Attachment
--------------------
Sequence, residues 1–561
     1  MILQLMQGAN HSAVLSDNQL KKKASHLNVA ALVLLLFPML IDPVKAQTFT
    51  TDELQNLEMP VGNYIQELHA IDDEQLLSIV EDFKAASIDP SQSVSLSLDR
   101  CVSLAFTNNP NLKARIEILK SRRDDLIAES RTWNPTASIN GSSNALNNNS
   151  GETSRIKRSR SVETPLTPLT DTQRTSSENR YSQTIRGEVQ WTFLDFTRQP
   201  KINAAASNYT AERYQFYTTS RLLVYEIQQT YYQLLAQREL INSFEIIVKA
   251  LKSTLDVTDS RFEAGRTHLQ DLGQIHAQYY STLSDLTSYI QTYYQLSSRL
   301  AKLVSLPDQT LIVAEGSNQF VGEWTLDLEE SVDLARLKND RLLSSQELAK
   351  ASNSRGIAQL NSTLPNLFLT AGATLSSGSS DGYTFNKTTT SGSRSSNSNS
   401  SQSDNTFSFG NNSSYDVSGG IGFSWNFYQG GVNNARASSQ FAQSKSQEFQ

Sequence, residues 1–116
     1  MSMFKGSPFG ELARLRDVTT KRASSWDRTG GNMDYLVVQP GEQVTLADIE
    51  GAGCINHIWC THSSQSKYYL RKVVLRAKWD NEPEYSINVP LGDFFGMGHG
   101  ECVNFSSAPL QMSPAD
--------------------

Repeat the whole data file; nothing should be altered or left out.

Sequence, residues 1–561
     1  MILQLMQGAN HSAVLSDNQL KKKASHLNVA ALVLLLFPML IDPVKAQTFT
    51  TDELQNLEMP VGNYIQELHA IDDEQLLSIV EDFKAASIDP SQSVSLSLDR
   101  CVSLAFTNNP NLKARIEILK SRRDDLIAES RTWNPTASIN GSSNALNNNS
   151  GETSRIKRSR SVETPLTPLT DTQRTSSENR YSQTIRGEVQ WTFLDFTRQP
   201  KINAAASNYT AERYQFYTTS RLLVYEIQQT YYQLLAQREL INSFEIIVKA
   251  LKSTLDVTDS RFEAGRTHLQ DLGQIHAQYY STLSDLTSYI QTYYQLSSRL
   301  AKLVSLPDQT LIVAEGSNQF VGEWTLDLEE SVDLARLKND RLLSSQELAK
   351  ASNSRGIAQL NSTLPNLFLT AGATLSSGSS DGYTFNKTTT SGSRSSNSNS
   401  SQSDNTFSFG NNSSYDVSGG IGFSWNFYQG GVNNARASSQ FAQSKSQEFQ

Sequence, residues 1–116
     1  MSMFKGSPFG ELARLRDVTT KRASSWDRTG GNMDYLVVQP GEQVTLADIE
    51  GAGCINHIWC THSSQSKYYL RKVVLRAKWD NEPEYSINVP LGDFFGMGHG
   101  ECVNFSSAPL QMSPAD